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The code is fairly simple --- the issue is that there is an invalid character in the groupPath string (a '/' to be exact).

What I'm trying to do (at least as a stop gap) is skip over DirectoryEntries that I can't get the cn for --- regardless of why.

However when I run this code the catch block doesn't run and I get instead: The server is not operational. and an unhandled System.Runtime.InteropServices.COMException.

Why would the catch block not catch this exception.

try
{
    using (DirectoryEntry groupBinding = new DirectoryEntry("LDAP://" + groupPath))
    {
        using (DirectorySearcher groupSearch = new DirectorySearcher(groupBinding))
        {

            using (DirectoryEntry groupEntry = groupSearch.FindOne().GetDirectoryEntry())
            {
                results.Add(string.Format("{0}", groupEntry.Properties["cn"].Value.ToString()));
            }
        }
    }
}
catch
{
    Logger.Error("User has bad roles");
}

Additional observations: The code is actually in a custom RoleProvider, and the curious thing is that if I reference, this provider in a simple winforms app, and call this same method with the same inputs the catch block does exactly what it's suppose to do. I think this suggests that the proposed answer concerning .NET exceptions versus COM exceptions is not accurate. Although I am at a loss to understand why this code would not catch when executed from the WebDev server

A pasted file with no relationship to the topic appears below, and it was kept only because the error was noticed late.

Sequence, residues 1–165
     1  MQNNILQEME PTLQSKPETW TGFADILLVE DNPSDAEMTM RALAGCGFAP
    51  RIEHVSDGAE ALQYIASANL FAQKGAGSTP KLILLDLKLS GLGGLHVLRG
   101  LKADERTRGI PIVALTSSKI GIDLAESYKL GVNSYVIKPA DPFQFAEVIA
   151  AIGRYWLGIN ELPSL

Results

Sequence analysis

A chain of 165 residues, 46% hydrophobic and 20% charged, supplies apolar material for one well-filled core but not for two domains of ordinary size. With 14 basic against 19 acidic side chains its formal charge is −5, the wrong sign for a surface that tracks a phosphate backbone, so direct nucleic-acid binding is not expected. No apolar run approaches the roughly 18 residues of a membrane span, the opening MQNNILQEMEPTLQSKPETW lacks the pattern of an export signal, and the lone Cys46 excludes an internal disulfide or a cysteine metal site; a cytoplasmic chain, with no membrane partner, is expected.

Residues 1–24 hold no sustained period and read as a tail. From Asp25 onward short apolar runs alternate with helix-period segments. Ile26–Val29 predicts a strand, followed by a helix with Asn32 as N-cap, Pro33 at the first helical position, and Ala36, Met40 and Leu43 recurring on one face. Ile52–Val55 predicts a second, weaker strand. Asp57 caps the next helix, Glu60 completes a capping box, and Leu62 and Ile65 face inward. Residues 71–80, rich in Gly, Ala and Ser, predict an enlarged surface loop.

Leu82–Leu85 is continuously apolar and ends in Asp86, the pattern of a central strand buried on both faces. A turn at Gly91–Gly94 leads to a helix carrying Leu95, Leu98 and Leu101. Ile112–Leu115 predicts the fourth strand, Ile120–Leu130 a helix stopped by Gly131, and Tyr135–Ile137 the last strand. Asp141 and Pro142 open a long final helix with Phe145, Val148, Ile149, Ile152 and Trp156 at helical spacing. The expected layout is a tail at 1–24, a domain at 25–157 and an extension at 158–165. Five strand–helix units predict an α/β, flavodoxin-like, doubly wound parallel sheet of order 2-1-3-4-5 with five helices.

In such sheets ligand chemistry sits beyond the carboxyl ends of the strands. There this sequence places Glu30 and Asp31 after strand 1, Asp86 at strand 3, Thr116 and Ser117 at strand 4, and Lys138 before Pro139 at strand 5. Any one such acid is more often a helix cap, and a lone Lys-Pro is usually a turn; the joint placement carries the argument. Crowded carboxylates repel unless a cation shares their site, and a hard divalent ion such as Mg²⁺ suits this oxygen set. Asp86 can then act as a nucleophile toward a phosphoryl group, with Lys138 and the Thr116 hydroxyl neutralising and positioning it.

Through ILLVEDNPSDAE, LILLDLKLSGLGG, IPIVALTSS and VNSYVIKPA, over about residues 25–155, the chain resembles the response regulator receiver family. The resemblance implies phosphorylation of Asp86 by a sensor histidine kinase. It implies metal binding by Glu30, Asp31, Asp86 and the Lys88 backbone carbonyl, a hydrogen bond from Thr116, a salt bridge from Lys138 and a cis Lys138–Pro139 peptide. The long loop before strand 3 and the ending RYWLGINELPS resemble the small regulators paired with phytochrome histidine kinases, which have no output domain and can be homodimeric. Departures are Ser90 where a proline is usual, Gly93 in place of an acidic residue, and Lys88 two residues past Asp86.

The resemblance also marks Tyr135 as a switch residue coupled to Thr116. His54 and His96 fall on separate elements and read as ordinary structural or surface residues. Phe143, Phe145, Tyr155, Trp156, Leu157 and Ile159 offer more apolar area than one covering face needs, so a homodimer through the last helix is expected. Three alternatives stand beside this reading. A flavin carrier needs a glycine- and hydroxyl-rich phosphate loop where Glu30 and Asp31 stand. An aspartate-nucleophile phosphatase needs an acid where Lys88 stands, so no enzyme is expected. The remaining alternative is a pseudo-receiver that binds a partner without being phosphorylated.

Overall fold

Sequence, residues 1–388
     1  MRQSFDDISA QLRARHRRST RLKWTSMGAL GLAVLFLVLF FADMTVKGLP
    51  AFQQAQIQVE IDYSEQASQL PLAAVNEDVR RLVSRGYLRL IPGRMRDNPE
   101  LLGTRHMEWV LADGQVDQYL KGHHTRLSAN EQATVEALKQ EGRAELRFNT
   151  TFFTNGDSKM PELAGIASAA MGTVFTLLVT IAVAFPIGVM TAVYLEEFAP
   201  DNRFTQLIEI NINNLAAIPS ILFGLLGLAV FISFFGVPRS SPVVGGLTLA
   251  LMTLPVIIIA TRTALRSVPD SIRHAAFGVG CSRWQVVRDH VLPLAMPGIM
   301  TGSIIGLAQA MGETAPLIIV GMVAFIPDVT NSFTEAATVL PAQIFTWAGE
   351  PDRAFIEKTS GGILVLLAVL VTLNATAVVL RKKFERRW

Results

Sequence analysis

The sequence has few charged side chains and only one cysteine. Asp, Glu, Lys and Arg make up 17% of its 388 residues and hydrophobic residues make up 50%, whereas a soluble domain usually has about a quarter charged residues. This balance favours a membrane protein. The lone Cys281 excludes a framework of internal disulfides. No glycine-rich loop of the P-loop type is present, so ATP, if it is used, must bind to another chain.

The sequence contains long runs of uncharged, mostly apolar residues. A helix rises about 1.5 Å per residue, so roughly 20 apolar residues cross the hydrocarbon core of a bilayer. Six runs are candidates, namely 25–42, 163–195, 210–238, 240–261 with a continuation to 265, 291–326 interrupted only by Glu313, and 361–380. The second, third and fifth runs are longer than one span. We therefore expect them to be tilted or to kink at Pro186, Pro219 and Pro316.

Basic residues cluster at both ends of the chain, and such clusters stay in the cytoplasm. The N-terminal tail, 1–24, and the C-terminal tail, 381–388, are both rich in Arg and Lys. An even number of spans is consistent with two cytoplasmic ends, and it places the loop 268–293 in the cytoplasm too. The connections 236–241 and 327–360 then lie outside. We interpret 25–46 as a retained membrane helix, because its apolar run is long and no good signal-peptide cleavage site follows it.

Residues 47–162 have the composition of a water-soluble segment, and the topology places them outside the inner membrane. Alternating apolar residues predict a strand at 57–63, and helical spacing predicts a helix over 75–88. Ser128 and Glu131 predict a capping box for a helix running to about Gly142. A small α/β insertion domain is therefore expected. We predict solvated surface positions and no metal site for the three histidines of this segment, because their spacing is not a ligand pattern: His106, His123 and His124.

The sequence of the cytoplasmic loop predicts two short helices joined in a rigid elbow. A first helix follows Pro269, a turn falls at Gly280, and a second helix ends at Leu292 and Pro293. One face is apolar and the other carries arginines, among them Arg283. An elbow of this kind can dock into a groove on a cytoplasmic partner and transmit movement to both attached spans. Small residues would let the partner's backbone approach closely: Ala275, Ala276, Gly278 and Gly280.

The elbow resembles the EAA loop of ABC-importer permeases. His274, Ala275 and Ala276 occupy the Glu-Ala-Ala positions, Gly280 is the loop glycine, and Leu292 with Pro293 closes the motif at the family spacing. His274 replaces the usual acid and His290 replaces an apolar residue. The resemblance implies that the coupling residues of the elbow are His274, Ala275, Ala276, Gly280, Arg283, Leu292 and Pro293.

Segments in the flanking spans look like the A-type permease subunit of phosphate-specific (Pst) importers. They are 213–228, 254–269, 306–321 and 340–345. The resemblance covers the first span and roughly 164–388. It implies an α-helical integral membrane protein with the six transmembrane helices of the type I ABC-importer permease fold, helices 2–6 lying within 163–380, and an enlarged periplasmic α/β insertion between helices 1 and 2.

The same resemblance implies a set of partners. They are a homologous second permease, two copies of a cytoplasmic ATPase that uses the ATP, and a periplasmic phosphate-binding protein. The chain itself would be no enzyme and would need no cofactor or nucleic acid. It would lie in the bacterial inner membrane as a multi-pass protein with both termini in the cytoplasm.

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4  
in the debugger, or in the build? –  Tom Anderson May 22 '09 at 16:24
    
What line do you get the exception on? And what thread? –  lc. May 22 '09 at 16:30
2  
Also, can you add the exception? (Exception.ToString()) –  Tom Anderson May 22 '09 at 16:33
    
I wonder if maybe the exception is being thrown in one of the implicit Finally blocks wrapping the Disposes produced by the Using statements? Aren't there some odd exception handling rules within Finally blocks? Anyhow, on the off chance that's the case, I'd pull the Using statements and code it out long hand to get a better handle on where exactly the exception occurs. –  ewbi May 22 '09 at 16:55